October 04, 2019


Niranjan Khasgiwale


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Designing “Eyes” into Process Equipment to Improve Chip Performance and Yield


by Niranjan Khasgiwale

Oct 04, 2019

The AI Era of computing promises to improve society and create trillions of dollars in economic value. It arrives, however, at a challenging time for the semiconductor industry. 

As Moore’s Law scaling has slowed, designers have explored new materials, integration schemes and structures that can deliver continued improvements in “PPAC”: chip performance, power and area/cost. Deploying these at good yield is challenging, particularly as process variability increases and tolerances shrink. To help accelerate customer roadmaps, Applied Materials is integrating metrology into process systems and chambers, bringing unprecedented granularity to wafer processing.

This type of integration is a logical next step for an industry that has been receptive to sensors, data and analytical process control. The number of sensors deployed in process systems has more than doubled over the past ten years, creating a wealth of data. Big Data and machine learning have improved, allowing more of the sensor data to be used in monitoring chamber health and even to predict on-wafer results in what we call “virtual metrology.”

To best control on-wafer and process results, there is still no substitute for taking direct measurements. For most processes, chipmakers have developed sampling strategies and used offline metrology and inspection to catch process deviations. CMP became an early candidate for integrated and in-situ sensors that enable real-time, on-wafer metrology and control.

Until recently, deposition systems have not needed in-vacuum, on-wafer measurement because of characteristics including: 

  • Process stability 
  • Wide process windows
  • Thick unit films
  • Simple process stacks
  • Limited effects from exposure to the environment

Materials and integration schemes are changing rapidly, however, and this is why Applied’s engineers are putting “eyes” inside systems and chambers. In the AI Era, PPAC improvements are enabled by new and exotic materials and stacks. Interface engineering is at the atomic scale, and process success increasingly depends on “seeing” the wafer as it is being processed to ensure control and repeatability.

Applied recently introduced the Endura® Clover™ MRAM PVD platform, which is made up of nine unique wafer processing chambers that are integrated in pristine, high-vacuum conditions. This integrated materials solution includes on-board metrology (OBM) that measures and monitors the thickness of the MRAM layers—with sub-angstrom sensitivity—as they are being created. This ensures atomic-level control and prevents exposure to the outside environment. MRAM memories are made of sensitive materials that quickly degrade when exposed to impurities in the atmosphere. The critical control-layer of MRAM devices is extremely thin (as little as eight atoms in height), and film height uniformity of plus or minus a single atom is required to maximize device read performance and endurance.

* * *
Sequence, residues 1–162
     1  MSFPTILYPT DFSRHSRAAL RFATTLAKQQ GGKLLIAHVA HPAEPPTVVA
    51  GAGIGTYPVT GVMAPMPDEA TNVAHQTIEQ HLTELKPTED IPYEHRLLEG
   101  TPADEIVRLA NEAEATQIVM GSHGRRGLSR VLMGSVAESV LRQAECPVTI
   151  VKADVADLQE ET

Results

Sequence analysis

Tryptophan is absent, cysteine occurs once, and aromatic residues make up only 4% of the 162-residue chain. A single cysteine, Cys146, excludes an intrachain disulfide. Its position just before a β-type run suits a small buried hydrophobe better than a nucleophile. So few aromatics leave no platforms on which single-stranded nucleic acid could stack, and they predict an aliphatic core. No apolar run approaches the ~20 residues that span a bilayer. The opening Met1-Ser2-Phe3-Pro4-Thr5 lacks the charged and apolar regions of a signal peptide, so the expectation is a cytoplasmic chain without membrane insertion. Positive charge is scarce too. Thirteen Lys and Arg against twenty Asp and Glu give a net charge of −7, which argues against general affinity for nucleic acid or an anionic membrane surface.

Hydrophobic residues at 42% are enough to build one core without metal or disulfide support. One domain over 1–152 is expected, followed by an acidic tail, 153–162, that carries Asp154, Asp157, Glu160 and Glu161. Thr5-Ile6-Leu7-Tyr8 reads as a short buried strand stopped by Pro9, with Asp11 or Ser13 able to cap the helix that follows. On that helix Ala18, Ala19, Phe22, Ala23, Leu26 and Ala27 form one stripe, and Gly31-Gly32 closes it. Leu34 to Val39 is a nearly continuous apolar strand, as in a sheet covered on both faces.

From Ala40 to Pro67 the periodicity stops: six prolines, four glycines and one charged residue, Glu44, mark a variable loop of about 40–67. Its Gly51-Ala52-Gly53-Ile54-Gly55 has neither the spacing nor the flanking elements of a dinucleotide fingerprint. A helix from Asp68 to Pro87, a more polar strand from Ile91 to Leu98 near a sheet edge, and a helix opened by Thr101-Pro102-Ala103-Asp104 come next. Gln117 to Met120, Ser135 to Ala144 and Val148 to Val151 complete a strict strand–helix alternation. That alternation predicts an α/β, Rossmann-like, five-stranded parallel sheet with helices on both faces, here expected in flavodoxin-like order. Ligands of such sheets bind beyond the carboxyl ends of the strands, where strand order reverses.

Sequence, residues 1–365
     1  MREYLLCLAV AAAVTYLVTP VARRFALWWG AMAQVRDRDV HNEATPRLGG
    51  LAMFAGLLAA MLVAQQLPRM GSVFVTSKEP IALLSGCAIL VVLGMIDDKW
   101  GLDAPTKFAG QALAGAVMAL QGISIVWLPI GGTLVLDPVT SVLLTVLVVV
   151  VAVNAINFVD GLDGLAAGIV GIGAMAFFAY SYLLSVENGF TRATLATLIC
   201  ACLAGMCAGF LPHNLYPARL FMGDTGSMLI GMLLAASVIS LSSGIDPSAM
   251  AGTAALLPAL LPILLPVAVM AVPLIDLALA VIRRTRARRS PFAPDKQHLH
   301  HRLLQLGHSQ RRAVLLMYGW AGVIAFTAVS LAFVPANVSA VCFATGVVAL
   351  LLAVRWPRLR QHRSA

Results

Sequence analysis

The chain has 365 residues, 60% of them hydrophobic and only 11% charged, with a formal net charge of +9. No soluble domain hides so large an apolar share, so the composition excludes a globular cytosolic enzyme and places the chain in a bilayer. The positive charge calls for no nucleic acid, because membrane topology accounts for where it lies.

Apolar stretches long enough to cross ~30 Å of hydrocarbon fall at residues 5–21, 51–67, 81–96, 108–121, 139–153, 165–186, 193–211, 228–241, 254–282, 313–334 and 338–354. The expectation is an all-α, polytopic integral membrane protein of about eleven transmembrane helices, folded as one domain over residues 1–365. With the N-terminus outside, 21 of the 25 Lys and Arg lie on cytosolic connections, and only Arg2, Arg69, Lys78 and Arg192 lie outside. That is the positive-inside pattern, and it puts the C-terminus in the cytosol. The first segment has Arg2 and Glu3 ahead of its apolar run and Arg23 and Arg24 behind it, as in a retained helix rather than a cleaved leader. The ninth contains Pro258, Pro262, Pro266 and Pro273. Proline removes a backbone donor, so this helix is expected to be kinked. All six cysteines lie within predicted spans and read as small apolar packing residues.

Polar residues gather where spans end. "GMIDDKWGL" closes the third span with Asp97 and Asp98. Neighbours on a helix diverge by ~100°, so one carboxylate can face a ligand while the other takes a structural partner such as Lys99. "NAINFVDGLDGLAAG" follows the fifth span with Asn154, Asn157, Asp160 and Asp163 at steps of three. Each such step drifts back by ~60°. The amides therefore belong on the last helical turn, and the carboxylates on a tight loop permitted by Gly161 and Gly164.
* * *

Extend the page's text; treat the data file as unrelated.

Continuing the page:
Figure 1: On-board metrology of ultra-thin Ta film produces exceptional linearity.

When processing ultra-thin films, any variability introduced by the measurement system can consume a significant proportion of the available process control budget. Long-term stability tests show that on-board metrology offers superior precision versus traditional, offline X-ray-based methods (figure 2).


Figure 2: Long-term stability of critical MRAM films, on-board metrology versus offline x-ray metrology. 

While on-board metrology is critical to achieving high yield in new memories such as MRAM, PCRAM and ReRAM, it can also bring advantages to 3D NAND and DRAM manufacturing. Inflections in logic are also driving the need to “watch” deposition processes to measure film thickness and uniformity as well as wafer geometry, stress, surface temperature and composition.


Figure 3: In-vacuum measurement of the thickness and material property of critical metal gate films.

It’s an exciting time for the industry. The AI Era is driving a renaissance in computing, and while classic Moore’s Law is slowing, new materials, integration schemes and structures are enabling advances in PPAC to continue. The unique requirements of the new and exotic materials are driving a renaissance in metrology. Applied’s goal is to give customers new capabilities that complement and extend offline metrology and virtual metrology models. By putting “eyes” in process systems and chambers, we can provide real-time monitoring and control on every wafer, helping customers maximize the performance of new chip designs and spot process deviations more quickly to improve yield.

Tags: AI Era, Moore's Law, MRAM, PPAC, metrology

Niranjan Khasgiwale

Vice President, Imaging and Process Control Group


Niranjan Khasgiwale is a vice president in the Imaging and Process Control group at Applied Materials, responsible for real-time measurement and control solutions. He has more than 20 years of marketing experience in the semiconductor equipment industry. Niranjan holds a master’s degree and Ph.D. in materials science from Dartmouth College and Lehigh University respectively, and a B.Tech in metallurgy from the Indian Institute of Technology.

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